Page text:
Despite the police walking around people still smoked freely (apparently it’s only a problem if they use a bong, I don’t see why it makes a difference). Those that weren’t shopping sat around in circles, letting the smoke take over. I’ve never seen so many red eyes. If I smoked I guarantee I would have got more into the festival, but from my sober mentality it was the biggest street fair I’ve ever seen, the chaos stretched out for a couple of miles – and this fair had a definite target audience.

There’s one thing I’ve would have bought if I wasn’t completely broke, a handmade hula hoop.

At the third stage they played dub-step. On little side stages were dancers, but not go-go, or even slutty hippie dancers. They were hula hoop dancers, and I gotta say it was one of the coolest things I’ve ever seen. The girl who caught my attention had more of a hip-hop vibe than the other. She controlled her hoop with grace as she threw it around her effortlessly. I stared at her for about five minutes before continuing my slow walk through the festival. I’m officially obsessed and need to learn this skill.

Eventually I resumed my role amongst the cattle, walked past the picket signs, and marched up the steep streets of Seattle. But despite my out-of-placeness, it was an entertaining day.


Of the Jackass in the Red Shirt


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Social rules exist. Everyone knows this, or rather, I hope they do. It shouldn’t come as a surprise that there are some things that are just not okay in certain social situations. Swearing at the Pastor’s house. Outing someone. Wearing a long white dress to a wedding that’s not yours. Staring up a girls dress as she climbs a tree. Crashing a baby shower. Talking loudly throughout a movie. These are just things that you should really rethink attempting.

I deal with jerks who don’t understand the basis of social etiquette on a daily basis, but I rarely let it truly bother me. Most the time I throw those people into the column of stupidity and move on. Like the man who insisted on showing me his Yankee tattoo (on his calf). Or the woman who stormed out of Ice Age 4 because she was under the impression that she had bought tickets to a documentary about the ice age and not a children’s cartoon. To these people I think, really?, laugh to myself, and move on.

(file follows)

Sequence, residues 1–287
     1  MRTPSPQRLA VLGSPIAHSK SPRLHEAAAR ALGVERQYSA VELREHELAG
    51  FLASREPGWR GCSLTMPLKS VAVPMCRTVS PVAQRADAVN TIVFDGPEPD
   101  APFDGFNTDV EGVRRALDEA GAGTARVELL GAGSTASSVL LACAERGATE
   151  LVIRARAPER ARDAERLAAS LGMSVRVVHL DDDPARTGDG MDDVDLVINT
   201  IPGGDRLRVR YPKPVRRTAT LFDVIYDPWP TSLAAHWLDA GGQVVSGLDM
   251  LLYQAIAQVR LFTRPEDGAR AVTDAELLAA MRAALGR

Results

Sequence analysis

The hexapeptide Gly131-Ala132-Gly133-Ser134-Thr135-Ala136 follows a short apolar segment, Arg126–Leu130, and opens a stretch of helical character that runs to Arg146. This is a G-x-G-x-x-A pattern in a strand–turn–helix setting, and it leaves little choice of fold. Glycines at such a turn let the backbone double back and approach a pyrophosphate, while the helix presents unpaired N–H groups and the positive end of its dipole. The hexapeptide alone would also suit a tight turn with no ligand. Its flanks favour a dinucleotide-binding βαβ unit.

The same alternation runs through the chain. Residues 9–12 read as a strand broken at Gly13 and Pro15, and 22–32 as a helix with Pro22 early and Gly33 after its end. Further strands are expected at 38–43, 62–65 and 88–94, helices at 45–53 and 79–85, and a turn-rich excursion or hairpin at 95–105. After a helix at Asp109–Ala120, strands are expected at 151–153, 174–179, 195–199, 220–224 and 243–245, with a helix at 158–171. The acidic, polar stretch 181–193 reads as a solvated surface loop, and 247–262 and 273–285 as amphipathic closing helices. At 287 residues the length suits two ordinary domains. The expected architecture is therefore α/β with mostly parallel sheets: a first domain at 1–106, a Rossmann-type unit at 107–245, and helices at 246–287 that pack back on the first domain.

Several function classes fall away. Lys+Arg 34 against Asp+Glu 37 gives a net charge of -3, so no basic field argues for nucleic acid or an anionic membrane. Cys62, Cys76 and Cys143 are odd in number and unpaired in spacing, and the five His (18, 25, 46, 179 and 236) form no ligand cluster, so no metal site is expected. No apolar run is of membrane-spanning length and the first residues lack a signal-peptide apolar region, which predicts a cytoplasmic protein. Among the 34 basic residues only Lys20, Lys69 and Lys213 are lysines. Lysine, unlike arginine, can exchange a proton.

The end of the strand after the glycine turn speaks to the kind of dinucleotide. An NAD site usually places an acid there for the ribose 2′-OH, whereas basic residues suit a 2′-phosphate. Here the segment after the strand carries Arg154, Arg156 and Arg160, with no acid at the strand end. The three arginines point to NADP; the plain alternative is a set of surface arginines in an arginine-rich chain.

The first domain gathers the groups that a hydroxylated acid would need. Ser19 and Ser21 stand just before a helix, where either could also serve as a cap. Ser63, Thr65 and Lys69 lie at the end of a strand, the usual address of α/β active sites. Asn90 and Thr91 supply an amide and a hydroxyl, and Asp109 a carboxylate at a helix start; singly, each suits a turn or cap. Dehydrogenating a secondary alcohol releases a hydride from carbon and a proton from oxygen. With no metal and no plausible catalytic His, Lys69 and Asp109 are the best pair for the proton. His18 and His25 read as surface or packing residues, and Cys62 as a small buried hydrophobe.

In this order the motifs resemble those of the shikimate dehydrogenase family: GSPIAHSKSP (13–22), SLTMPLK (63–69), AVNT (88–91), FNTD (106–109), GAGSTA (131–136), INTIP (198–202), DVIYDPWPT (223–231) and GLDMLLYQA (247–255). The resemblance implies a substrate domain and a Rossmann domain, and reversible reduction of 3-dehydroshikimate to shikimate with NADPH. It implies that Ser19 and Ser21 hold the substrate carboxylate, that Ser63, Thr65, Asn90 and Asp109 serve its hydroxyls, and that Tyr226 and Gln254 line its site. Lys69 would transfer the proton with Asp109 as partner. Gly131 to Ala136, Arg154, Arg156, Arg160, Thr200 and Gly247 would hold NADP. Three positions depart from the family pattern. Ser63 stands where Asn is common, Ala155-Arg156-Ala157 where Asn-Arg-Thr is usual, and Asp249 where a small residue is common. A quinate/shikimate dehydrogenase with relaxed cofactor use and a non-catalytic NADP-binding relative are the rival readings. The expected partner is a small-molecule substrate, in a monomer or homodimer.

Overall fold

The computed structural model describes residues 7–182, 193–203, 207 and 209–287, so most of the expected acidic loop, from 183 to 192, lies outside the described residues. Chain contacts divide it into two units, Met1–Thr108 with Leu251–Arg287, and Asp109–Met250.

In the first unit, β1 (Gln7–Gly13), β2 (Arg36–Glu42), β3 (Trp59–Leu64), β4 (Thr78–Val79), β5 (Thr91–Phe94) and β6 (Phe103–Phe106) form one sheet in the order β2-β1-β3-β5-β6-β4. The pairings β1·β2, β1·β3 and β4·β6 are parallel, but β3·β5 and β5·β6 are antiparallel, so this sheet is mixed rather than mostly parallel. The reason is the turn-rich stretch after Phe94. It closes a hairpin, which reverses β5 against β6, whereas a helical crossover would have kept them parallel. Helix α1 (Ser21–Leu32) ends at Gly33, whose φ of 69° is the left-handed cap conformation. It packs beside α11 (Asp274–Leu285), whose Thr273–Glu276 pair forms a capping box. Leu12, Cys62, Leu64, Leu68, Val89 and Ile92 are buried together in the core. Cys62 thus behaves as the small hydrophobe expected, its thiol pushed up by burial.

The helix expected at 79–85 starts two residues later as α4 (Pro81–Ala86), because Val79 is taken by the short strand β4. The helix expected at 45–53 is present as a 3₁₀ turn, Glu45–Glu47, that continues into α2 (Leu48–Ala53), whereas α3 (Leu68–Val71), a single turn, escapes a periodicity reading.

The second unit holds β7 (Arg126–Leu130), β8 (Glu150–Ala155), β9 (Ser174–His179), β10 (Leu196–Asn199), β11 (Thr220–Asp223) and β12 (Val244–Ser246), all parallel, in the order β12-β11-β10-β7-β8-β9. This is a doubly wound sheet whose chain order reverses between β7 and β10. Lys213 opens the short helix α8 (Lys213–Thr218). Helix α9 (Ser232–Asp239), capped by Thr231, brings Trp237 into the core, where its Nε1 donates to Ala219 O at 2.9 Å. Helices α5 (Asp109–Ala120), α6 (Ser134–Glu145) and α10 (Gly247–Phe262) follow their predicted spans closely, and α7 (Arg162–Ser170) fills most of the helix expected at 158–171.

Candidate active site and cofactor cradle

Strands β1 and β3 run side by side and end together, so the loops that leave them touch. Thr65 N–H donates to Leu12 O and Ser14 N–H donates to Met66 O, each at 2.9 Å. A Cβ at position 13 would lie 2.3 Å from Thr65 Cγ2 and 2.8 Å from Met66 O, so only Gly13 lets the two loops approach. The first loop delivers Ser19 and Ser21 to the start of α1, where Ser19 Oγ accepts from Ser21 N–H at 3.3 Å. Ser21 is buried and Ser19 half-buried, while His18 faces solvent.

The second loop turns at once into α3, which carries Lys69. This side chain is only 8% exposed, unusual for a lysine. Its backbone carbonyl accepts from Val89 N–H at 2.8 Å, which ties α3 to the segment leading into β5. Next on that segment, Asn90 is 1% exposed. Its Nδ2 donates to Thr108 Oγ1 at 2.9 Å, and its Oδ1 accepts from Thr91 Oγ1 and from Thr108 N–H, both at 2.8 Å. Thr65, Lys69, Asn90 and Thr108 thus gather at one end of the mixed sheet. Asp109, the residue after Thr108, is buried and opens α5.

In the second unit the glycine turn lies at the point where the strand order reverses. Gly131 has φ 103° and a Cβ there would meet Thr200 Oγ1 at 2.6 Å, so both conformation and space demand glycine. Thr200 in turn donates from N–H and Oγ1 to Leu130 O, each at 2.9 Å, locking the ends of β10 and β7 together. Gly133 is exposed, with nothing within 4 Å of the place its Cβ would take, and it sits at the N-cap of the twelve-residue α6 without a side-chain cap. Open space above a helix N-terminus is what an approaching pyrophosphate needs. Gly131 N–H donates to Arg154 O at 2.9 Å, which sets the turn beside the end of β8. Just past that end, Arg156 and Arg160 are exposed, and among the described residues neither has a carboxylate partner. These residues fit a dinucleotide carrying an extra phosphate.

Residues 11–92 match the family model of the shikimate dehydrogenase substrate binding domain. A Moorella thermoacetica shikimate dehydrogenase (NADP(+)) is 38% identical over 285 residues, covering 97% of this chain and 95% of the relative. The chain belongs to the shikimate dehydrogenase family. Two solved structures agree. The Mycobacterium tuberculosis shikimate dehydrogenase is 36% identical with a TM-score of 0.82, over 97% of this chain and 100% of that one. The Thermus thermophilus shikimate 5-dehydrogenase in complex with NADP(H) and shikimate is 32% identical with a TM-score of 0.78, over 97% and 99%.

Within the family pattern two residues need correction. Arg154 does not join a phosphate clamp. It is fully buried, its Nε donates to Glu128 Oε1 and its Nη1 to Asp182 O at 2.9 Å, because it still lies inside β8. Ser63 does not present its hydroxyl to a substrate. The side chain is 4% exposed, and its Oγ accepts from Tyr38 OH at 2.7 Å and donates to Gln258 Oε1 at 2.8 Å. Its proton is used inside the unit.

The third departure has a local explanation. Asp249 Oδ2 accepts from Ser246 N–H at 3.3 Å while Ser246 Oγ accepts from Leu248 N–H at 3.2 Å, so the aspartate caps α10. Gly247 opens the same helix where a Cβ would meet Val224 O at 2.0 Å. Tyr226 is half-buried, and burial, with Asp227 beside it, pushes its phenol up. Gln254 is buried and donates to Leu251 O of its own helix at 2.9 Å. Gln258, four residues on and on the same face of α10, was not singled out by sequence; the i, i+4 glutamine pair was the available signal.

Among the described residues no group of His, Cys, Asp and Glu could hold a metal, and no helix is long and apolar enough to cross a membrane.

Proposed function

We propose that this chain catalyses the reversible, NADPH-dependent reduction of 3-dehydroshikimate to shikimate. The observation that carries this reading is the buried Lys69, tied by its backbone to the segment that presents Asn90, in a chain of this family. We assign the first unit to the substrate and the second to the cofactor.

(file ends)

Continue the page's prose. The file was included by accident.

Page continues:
But when a man insulted my most favorite hobby, the teacher, and the overall Blues culture – that’s where I draw the line.

A man in red. I don’t know his name, I don’t care to, he pissed me off. When I walked into the venue I could sense that he was going to awkwardly hit on me. And I was right. He had that look that men on the prowl get where their eyes squint (as if women are some mysterious object), widen (ah ha! they spy a female), and then attempt a casual smile (target acquired, no way she can say no to this sexy manliness). I proceeded to put on my dance shoes, fill my water bottle, and sit down against the wall. The dance floor was respectably full. Sometimes it’s fun just to watch people twirl around.

He walked up to me and started talking, but I found it challenging to follow his pointless chatter. Here’s the basics: “I’m not really much of a Blues dancer I just like to do my own thing, you know what I mean, more of a freestyle dancer, you know what I mean, like Chris Brown or Kanye West, everyone here is so into pair dancing, I’m more of a solo act, you know what I mean, I like choreography, you know, so I’m trying to figure out what the girls like for choreography, I’m here to challenge myself, I like a challenge, I’m not here just to talk and meet girls, it’s kind of like a school dance, you know?” Ugh, never have I want to wave my rainbow bracelets in a man’s face so badly and yell, “LESBIAN!!” at the top of my lungs.

He asked me to dance, and like any good social dancer, I accepted. I wouldn’t call it a dance, unless I was at a wedding, it was more like me walking back and forth while he attempted to do fancy footwork. It was lame. It was awkward. I was laughing – but he probably just thought I was smitten. For the rest of the night I did my best to avoid him (I suddenly went to go get water more often than normal).

An hour or so later I came down from the bathroom to see the man in red attacking the teacher. He was loud, angry, and contradicting himself about every twenty seconds. I couldn’t believe it! I blatantly sat down and sipped my water as I eavesdropped – not that he noticed. He proceeded to bash the group lesson format, he got mad at her for not asking for a detailed account of his dancing experience, whined that they only taught Blues (at a Blues venue … *rolls eyes*), that he couldn’t dance with any of the girls here, blah, blah, blah. Everything that he said, all of his complaints, came down to him not understanding, or even attempting to grasp the culture.

From what I understood of his conversation, which was so emotionally heated and scattered that I can barely remember what he said, he felt insecure about his dancing and thought that people should pay him a lot more attention because he’s new. Shocking as it might be to understand – we encourage new dancers to dance. Crazy right. I don’t know a single follow who will bitch to her friends that she had to dance with a beginner. She’ll bitch because she had to dance with a weirdo.